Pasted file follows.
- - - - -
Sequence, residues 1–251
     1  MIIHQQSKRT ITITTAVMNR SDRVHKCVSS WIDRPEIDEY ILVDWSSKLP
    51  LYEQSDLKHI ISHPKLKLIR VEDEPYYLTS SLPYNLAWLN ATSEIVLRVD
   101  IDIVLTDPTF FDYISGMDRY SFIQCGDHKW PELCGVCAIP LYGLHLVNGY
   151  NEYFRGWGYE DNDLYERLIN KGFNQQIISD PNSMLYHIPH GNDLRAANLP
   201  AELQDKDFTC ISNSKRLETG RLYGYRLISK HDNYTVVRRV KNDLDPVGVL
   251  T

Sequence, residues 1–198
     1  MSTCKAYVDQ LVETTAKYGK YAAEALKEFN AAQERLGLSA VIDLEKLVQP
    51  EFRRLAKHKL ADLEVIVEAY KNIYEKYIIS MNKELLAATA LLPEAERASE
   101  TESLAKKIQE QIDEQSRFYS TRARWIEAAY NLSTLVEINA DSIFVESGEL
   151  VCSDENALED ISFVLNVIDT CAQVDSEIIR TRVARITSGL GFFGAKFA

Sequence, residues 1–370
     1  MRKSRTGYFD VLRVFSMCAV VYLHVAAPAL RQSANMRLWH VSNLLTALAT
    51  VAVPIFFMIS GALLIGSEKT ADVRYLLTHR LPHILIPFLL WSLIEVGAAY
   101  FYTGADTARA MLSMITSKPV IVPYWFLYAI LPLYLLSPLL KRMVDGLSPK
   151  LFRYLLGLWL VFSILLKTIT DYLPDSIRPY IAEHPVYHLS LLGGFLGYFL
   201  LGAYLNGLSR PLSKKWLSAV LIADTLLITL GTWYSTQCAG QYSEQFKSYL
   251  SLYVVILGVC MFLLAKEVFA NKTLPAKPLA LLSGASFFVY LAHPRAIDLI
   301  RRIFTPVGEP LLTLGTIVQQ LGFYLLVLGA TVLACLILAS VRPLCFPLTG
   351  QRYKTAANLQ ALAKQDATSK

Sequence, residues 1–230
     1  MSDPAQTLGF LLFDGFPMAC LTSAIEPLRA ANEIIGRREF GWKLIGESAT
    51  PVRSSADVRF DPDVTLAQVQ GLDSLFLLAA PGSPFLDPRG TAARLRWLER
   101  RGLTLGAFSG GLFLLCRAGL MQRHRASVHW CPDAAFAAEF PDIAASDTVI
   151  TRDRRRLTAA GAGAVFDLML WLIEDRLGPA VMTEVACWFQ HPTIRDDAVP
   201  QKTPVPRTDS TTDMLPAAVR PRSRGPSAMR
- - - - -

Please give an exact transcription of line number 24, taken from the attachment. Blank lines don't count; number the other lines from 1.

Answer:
    51  PVRSSADVRF DPDVTLAQVQ GLDSLFLLAA PGSPFLDPRG TAARLRWLER